In sum, we cannot say that the question propounded by the district attorney concerning defendant's prior conviction was either improper or inflammatory. Accordingly, we do not find that the trial judge erred in overruling defendant's objection and in denying his motion for a mistrial.

Assignments of Error Nos. 1 and 2 are without merit.


Defendant contends the trial judge erred in failing to rule on his motion to quash the indictment under which he was being prosecuted. In this motion defendant alleged that he had been denied his right to a speedy trial guaranteed in the state and federal constitutions.

On the day of trial and after the jury had been selected and sworn, defense counsel advised the judge that a motion to quash filed by defendant in proper person and based on denial of a speedy trial had not yet been disposed of. Defendant requested either a recess or an immediate hearing and disposition of this matter. Thereupon, the trial judge discharged the jury until the next day and proceeded with an immediate evidentiary hearing on the motion to quash. At the conclusion of this hearing, defense counsel indicated that he would like to reserve the right to submit certain court records and to adduce the testimony of an absent witness, Miss Debra English. The trial judge agreed to defer completion of the hearing and his ruling on the matter until such time as defendant was ready to present the remainder of his evidence.1 In the meantime, trial on the merits proceeded without objection. At no time either during trial or at the conclusion thereof did defendant inform the court either that he was prepared to go forward with the evidence he lacked at the initial hearing or that he desired a ruling based on the evidence already presented. We are of the opinion that where, as here, the completion of a hearing on a defense motion is deferred in order to afford defendant the opportunity to present further evidence, it is encumbent upon defendant to either present that evidence or inform the court that he no longer desires to do so. In the absence of such action on defendant's part, we are unable to say that the trial judge committed reversible error in failing to rule on defendant's motion to quash the indictment.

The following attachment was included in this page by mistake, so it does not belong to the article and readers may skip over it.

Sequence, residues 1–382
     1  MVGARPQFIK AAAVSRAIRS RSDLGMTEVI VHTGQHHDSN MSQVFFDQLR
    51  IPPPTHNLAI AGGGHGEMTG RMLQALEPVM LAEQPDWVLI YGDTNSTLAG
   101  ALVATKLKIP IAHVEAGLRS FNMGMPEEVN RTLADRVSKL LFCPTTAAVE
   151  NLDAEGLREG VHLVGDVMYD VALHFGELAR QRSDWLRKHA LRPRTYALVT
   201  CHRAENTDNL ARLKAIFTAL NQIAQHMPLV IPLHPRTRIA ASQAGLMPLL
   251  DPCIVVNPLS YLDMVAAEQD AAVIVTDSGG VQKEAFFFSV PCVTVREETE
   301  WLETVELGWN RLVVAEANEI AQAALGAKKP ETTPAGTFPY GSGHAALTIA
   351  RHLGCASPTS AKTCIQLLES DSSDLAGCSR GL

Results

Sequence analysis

In any event, we have carefully reviewed the allegations of denial of a speedy trial raised in defendant's motion to quash. This court has recognized that in determining whether this constitutional right has been violated, no fixed time period governs; rather, the conduct of both the prosecution and the defense are weighed in light of several factors: the length of delay; the reason for the delay; the defendant's assertion of his right and the actual prejudice to defendant. Barker v. Wingo, 407 U.S. 514, 92 S.Ct. 2182, 33 L.Ed.2d 101 (1972); State v. Bullock, 311 So.2d 242 (La.1975). We are satisfied that the facts and circumstances of this case, when considered in light of the four factors set out in Barker, do not demonstrate that defendant has been denied his right to a speedy trial.

Assignment of Error No. 3 is without merit.


Defendant contends that the trial judge erred in admitting testimony at trial relating to a pre-indictment lineup identification of defendant. He argues that the admission of this testimony violated his constitutional right to counsel because the same attorney who represented him at the lineup and who was in the best position to effectively cross-examine witnesses regarding that procedure did not also represent him at trial. This contention is without merit.

It is well established that neither the state nor federal constitutions guarantee a defendant the right to counsel at a pre-indictment lineup. Kirby v. Illinois, 406 U.S. 682, 92 S.Ct. 1877, 32 L.Ed.2d 411 (1972); State v. Bias, 337 So.2d 426 (La.1976); State v. Johnson, 327 So.2d 388 (La.1976); State v. Vince, 305 So.2d 916 (La.1974). While defendant in the instant case was represented at the pre-indictment lineup by an attorney from the public defender's office, he was not constitutionally entitled to counsel during that procedure. Therefore, there is no basis to defendant's argument that he had a constitutional right to representation by the same attorney at trial. Hence, the trial judge did not err in admitting testimony at trial regarding defendant's pre-indictment lineup identification.

Assignment of Error No. 4 lacks merit.

For the first time in brief, defendant urges that the ninety-nine year sentence imposed by the trial judge constitutes cruel, unusual or excessive punishment and that the amendment of the bill of information filed against him from the charge of simple robbery to armed robbery subjected him to double jeopardy.